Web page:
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12 Quantum Cryptography (cont.) During the 1980s, while a fellow at IBMs Thomas J. Watson Laboratories, Bennett kept thinking about the idea of quantum money. He mentioned this idea to a colleague, Gilles Brassard, a computer scientist at the University of Montreal. Bennett and Brassard began to realize that if a message were encrypted as a sequence of polarized photons, then due the uncertainty in being able to accurately read the photons polarizations without the correct filters, the message would be secure!

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13 Quantum Cryptography (cont.) Suppose Alice wants to send Bob the message For simplicity assume that Alice and Bob have two kinds of Polaroid detectors: Rectilinear: + Diagonal: x A + detector will always correctly measure photons polarized | or -- and is not capable of accurately measuring photons with polarization / or \. Instead, a + detector will misinterpret a diagonally polarized photon as a | or -- photon. As a photon passes through a rectilinear (+) detector, it will always emerge with a rectilinear polarization. Similar properties hold for a diagonal (x) detector! Alice and Bob agree on the following scheme for assigning 1s or 0s to polarized photons:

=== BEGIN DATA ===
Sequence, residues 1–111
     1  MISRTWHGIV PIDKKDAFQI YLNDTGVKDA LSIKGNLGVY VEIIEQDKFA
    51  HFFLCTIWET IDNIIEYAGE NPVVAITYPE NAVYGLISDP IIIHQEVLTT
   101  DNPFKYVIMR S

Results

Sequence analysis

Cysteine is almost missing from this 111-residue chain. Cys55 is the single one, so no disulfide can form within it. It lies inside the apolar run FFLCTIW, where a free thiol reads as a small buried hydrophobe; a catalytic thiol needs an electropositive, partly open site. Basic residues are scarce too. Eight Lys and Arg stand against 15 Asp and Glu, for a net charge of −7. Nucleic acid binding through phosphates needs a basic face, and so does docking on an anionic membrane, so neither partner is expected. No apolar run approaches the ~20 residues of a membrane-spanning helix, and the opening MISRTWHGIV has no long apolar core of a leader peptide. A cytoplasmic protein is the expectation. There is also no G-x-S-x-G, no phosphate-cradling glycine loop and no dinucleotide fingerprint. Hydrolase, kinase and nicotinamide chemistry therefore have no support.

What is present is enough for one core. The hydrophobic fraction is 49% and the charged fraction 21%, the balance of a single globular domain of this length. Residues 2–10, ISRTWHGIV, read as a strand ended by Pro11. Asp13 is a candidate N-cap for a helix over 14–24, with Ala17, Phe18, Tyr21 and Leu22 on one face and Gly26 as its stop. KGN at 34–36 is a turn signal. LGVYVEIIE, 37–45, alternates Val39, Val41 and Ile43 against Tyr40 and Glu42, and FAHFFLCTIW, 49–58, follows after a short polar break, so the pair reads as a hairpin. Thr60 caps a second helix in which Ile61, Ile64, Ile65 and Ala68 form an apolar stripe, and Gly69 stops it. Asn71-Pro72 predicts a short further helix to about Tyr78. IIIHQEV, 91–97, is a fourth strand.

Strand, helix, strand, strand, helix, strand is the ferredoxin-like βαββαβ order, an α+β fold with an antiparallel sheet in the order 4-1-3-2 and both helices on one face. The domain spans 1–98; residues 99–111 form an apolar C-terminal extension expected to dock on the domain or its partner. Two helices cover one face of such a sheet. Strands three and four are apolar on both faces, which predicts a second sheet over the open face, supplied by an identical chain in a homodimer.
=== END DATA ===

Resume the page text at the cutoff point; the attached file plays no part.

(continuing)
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14 Quantum Cryptography (cont.) Bit10 + (Rectilinear) |-- x (Diagonal) /\

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15 Quantum Cryptography (cont.) To send the message , Alice sets her filters, each according to one scheme or the other. For example, here is one possible polarization scheme Alice could use: Message Scheme+x+xxx++xx Transmission|/--//\| \/

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16 Quantum Cryptography (cont.) If Eve wishes to intercept the message from Alice, she will be in the same position as the counterfeiter for quantum money! In order to read the message, Eve must set her Polaroid detectors to the correct polarization for each bit! Since she doesnt know which filters are chosen by Alice, half the time Eve will be wrong, so the message cannot be accurately intercepted.

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17 Quantum Cryptography (cont.) For example, if Eve chooses a diagonal detector (x) for the first bit of Alices message, which is a 1 polarized rectilinearly as |, she will see the photons polarization as either / or \ (fifty percent chance of either possibility). If Eve sees /, she will read 1, which is correct. If Eve sees \, she will read 0, which is wrong. Note also that Eve gets only one chance to measure a given photon as it passes through her detector!